ChatGPT Enterprise could be a game changer for universities
The new enterprise version of ChatGPT addresses security, privacy and accessibility issues that could lead to transformative uses in student learning and research
I can’t tell you how many times I’ve been in conversations recently where the the question came up: “why can’t we make ChatGPT freely accessible to all of our students?”
This has not been possible up to now. But the availability of Enterprise ChatGPT from OpenAI could change everything.
One of the driving issue behind these questions of access is equity. ChatGPT can be transformative for students when used smartly — whether in self-directed and curiosity-driven learning, or in more structured educational settings. But to get the full benefits of the platform, users have to fork out $20 a month for the “plus” version. And that’s too much to expect from every student — especially those who are already on the margins and struggling with making ends meet.
As a result, students who can afford to subscribe to ChatGPT Plus (and recognize its benefits) are at an advantage as they get access to features such as the underlying GPT4 large language model and OpenAI’s Code Interpreter (now renamed advanced data analysis).
Yet despite a growing need for equitable access to ChatGPT, security and data privacy issues have proved to be insurmountable stumbling blocks for universities making the full suite of capabilities broadly available to students.
On Monday, OpenAI announced the availability of Enterprise ChatGPT. The enterprise version of the platform addresses the security and privacy concerns that have so far made blanket adoption by universities impossible. And it potentially paves the way for a substantial shakeup in how generative AI is used equitably and effectively in education.
But the possible opportunities go far beyond the use of ChatGPT in the classroom.
One of the biggest barriers to widespread adoption of text-based generative AI in universities has been data privacy. Up to now, everything anyone types into ChatGPT has been potentially accessible to OpenAI and useable to train the platform. This may not seem a big deal if you are simply asking questions. But as soon as users upload personal or sensitive information — drafts of papers for instance, or grant proposals, preliminary research findings, intellectual property they don’t want shared, or private and sensitive data — there’s a problem.
From a student perspective, this is a vulnerability that simply cannot be sanctioned through institution-wide access. But for a research university it also creates serious issues where students want to use ChatGPT in their research.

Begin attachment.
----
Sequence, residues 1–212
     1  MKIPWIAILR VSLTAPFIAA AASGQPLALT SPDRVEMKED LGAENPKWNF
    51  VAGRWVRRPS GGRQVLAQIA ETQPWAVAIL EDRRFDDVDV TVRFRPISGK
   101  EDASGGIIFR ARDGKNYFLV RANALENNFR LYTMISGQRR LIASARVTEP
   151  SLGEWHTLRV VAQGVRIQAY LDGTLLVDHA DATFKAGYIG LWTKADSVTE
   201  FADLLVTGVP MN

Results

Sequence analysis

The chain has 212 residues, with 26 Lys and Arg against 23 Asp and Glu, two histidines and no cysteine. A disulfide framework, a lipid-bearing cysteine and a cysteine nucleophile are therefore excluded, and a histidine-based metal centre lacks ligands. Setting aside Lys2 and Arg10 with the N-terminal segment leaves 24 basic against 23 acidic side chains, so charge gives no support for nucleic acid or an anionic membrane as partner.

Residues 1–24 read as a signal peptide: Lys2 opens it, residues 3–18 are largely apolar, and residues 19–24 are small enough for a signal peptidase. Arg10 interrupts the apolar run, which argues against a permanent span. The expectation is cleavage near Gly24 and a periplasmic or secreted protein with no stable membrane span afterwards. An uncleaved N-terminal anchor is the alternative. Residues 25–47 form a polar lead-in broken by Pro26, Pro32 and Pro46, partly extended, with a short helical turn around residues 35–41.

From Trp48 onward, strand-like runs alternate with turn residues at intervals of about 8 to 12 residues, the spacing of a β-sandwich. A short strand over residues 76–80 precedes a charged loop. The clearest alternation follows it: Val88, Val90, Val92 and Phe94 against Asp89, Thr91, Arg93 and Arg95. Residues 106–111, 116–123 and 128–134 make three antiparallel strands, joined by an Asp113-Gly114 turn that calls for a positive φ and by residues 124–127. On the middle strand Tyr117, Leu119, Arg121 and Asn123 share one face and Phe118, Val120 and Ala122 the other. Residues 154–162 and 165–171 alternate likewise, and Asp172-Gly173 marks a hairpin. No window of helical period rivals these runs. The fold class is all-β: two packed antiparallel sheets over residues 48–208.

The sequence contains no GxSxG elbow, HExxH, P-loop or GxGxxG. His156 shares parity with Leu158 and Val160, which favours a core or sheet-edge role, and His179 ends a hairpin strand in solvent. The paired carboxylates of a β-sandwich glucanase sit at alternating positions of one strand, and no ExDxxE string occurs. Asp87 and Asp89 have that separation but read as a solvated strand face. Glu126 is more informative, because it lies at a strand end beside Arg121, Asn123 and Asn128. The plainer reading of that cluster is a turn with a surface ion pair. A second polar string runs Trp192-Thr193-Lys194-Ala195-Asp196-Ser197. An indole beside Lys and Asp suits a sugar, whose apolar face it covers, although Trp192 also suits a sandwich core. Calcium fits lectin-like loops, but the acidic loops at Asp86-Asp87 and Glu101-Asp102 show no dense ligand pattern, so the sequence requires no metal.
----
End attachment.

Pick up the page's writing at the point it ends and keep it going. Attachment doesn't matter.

Already there are a growing number of anecdotes flying around of researchers who have naively uploaded human subjects data or drafts of papers into ChatGPT — and even draft grant proposals — oblivious to the reality that they are giving away protected data and their intellectual property to OpenAI.
To counter this, some universities are developing their own internal large language models — the University of Michigan for instance recently announced the release of U-M GPT.
Yet ChatGPT still has the edge over most alternatives when it comes to ease of access and use combined with powerful capabilities.
Enterprise ChatGPT promises to overcome many of these limitations. Data uploaded to the enterprise version is not used for training by OpenAI, and remains the property of the subscribing institution. This removes a substantial barrier to enterprise-level use by students.
More broadly, the new enterprise platform enables provisions to be put in place that ensure the platform doesn’t open up subscribing institutions to vulnerabilities from data breaches and other security challenges.
This is good news for researchers looking for easy access to generative AI tools like ChatGPT. But the real game changer here is the possibility for all students to have safe and secure access to a tool that could transform their own research and learning.
Of course, this will come at a cost. Whether this is justified by the opportunities it opens up remains to be seen. But ensuring every student in a university has access to ChatGPT for personal learning, professional use, class assignments, and research, will mark a significant step forward in the tools we can offer them that support their long term success.
More than this though, universal access to ChatGPT within universities is likely to become a forcing function in how we teach.
Generative AI is already a reality that instructors are having to grapple with. Where access is optional, educators have considerable flexibility in how they respond to ChatGPT and similar platforms, and whether they embrace or reject them. But where universities subscribe to Enterprise ChatGPT, it’s use is likely to become a default option in learning.
I’m a huge proponent of this — especially after seeing how ChatGPT can be transformative in the classroom. But it’s a move that will force many instructors to re-evaluate how they teach, and even the purpose and nature of education and learning. As AI becomes increasingly ubiquitous though, I don’t think this will be such a bad thing.
For students and instructors alike, universal access to ChatGPT will open up incredible opportunities to learn differently, faster, and more effectively. It’ll also mean that our graduating students have real-world skills that are increasingly in demand by employers.
More than this though, I’m convinced that platforms like ChatGPT and others will transform how many of our students learn — especially those who don’t fit the standard model of an average learner, who struggle with conventional class-based education, and who have “jagged profiles” when it comes to learning.
And this is where I suspect that Enterprise ChatGPT could be a game changer for universities — at least, where they have the vision to adopt it.